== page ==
This article appears in Healthy Living Winter 2018.

Bring up food allergies, and many adults think of things they can’t send to school with their kids. A new study shows they should also be concerned about what foods they’re bringing to work.

Almost half of all food-allergic adults reported that at least one of their allergies materialized in adulthood, according to research presented at the American College of Allergy, Asthma and Immunology Annual Scientific Meeting in October. The study surveyed a nationally representative sample of more than 50,000 adults.

“Food allergies are often seen as a condition that begins in childhood, so the idea that 45 percent of adults with food allergies develop them in adulthood is surprising,” said Northwestern University pediatrician Dr. Ruchi Gupta, lead author of the study. “We also saw that, as with children, the incidence of food allergies in adults is rising across all ethnic groups.”

The most common food allergy among adults is shellfish, affecting an estimated 3.6 percent of U.S. adults. That’s a 44 percent increase from an influential 2004 study. The new data also suggest that adult tree nut allergy prevalence has risen to 1.8 percent from a 2008 estimate of 0.5 percent, an increase of 260 percent.

“Our research also found that, among black, Asian and Hispanic adults, the risk of developing a food allergy to certain foods is higher than for whites, specifically for shellfish and peanuts,” said food allergy researcher Christopher Warren, a doctoral candidate at Northwestern University near Chicago and study co-author.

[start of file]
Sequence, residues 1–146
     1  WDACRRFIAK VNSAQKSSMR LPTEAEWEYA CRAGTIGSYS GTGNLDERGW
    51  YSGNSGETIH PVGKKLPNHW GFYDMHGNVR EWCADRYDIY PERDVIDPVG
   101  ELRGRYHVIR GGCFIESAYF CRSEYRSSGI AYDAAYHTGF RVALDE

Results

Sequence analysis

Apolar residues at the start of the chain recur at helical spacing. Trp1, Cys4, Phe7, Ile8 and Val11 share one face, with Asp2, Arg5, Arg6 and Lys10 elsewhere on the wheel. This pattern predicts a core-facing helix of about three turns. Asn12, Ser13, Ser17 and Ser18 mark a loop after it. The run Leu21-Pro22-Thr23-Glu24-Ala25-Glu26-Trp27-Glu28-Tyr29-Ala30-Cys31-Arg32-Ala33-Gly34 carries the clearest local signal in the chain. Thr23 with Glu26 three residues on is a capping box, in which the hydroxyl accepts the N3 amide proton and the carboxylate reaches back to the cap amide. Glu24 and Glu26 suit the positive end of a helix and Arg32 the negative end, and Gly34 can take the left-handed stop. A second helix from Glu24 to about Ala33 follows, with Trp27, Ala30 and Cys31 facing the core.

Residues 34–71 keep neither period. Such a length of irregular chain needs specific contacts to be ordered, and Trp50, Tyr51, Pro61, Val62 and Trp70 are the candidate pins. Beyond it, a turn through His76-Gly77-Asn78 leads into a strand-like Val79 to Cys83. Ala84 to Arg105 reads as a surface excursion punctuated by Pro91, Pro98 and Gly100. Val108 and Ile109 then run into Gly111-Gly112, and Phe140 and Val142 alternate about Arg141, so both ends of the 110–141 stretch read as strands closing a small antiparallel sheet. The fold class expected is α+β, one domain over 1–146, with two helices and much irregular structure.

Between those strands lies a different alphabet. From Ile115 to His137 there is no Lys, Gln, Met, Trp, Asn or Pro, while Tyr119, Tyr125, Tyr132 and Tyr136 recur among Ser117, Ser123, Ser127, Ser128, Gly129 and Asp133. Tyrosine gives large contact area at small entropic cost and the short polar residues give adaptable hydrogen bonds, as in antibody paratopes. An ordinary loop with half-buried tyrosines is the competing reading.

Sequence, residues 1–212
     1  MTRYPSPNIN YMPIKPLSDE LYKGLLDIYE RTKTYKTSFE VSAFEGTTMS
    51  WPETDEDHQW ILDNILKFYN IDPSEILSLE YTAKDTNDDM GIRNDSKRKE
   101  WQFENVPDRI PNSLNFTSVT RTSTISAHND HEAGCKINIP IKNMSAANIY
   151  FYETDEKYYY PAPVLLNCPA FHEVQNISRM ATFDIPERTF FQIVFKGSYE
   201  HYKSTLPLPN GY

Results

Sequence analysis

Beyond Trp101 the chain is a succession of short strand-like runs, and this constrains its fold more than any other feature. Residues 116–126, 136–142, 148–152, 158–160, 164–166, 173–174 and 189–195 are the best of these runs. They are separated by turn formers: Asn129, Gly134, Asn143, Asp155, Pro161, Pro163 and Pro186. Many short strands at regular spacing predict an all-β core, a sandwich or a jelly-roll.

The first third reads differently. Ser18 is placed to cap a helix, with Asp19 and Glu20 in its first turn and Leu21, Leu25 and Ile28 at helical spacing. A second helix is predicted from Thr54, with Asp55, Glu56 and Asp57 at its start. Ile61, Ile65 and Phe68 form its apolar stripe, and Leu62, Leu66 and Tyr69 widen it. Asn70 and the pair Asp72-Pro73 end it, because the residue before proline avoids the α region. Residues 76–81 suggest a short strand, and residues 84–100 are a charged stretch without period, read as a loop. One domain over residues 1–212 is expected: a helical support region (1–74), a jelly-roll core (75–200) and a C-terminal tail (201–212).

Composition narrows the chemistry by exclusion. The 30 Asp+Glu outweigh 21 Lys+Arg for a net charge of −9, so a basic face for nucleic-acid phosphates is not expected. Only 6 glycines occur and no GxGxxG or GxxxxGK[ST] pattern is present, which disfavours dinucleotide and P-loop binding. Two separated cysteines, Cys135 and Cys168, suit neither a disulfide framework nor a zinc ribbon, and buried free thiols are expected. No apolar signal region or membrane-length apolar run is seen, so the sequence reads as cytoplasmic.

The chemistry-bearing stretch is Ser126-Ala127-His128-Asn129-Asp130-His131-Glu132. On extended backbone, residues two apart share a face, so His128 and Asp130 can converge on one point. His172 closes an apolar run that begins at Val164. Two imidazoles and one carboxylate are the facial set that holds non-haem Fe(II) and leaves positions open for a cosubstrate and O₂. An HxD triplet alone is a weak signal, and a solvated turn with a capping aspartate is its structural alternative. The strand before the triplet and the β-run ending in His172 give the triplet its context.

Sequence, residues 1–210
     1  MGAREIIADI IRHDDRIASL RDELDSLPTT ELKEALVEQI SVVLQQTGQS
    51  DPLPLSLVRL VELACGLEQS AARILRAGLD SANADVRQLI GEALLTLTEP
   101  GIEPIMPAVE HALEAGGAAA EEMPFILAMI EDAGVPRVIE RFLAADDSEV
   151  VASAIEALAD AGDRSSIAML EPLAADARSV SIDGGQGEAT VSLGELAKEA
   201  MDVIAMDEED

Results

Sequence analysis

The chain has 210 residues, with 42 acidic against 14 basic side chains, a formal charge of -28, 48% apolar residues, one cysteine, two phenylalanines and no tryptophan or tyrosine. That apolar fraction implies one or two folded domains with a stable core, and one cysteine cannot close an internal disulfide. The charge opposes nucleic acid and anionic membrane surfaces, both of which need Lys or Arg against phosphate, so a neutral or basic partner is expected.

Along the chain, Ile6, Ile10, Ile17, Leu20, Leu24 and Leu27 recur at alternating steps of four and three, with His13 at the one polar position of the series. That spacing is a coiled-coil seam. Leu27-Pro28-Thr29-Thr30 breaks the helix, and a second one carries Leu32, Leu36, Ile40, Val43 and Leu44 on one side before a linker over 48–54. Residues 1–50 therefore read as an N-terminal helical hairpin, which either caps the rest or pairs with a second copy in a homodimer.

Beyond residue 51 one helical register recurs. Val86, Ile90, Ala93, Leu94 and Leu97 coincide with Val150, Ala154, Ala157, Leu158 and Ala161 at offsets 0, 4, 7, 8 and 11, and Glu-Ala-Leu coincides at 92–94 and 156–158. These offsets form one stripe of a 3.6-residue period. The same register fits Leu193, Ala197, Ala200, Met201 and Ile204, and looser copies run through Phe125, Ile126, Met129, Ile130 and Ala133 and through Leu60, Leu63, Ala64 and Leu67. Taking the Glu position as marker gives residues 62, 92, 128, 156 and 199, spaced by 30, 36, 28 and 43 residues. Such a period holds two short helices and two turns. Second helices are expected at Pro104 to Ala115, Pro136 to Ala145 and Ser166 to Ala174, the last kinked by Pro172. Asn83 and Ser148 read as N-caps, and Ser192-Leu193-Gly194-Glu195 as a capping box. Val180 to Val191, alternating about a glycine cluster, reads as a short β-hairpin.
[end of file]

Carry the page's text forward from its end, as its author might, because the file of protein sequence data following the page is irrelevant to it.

Allergic in adulthood

Adult-onset allergies likely involve losing immune tolerance to foods that adults have previously been exposed to and eaten without allergic reaction.

“This is in contrast to childhood food allergies, which involve the immune system failing to develop tolerance to these allergenic foods in the first place,” Warren said.

It’s also possible for an adult to develop an allergy to a food they had never previously encountered, “but this is probably not very common given the ubiquity of most common food allergens,” Warren said.

Little is known about how and why allergies develop, making it an area of great research interest, Gupta said. By learning more about food allergies and studying the different demographic and environmental factors that increase risk of development, researchers hope to raise awareness and improve the clinical management of food allergies, Gupta said.

Intolerance or allergy?

Some adults who believe that they have food allergies may actually have intolerances, and vice versa, Gupta said.

“An important difference between a food intolerance and a food allergy is that food-allergic adults may be at risk of potentially fatal anaphylaxis, whereas an adult with a food intolerance is likely to experience less serious, digestive problems and may in fact be able to eat small amounts of the offending food without trouble,” Gupta said.

For this reason, daily management of a food allergy generally requires that greater care be taken to avoid accidental allergen exposure as well as to routinely carry an epinephrine auto-injector in the event of a severe allergic reaction.

“This is why it is so important to see an allergist for a proper diagnosis,” Warren said.

To find an allergist near you, visit acaai.org/locate-an-allergist.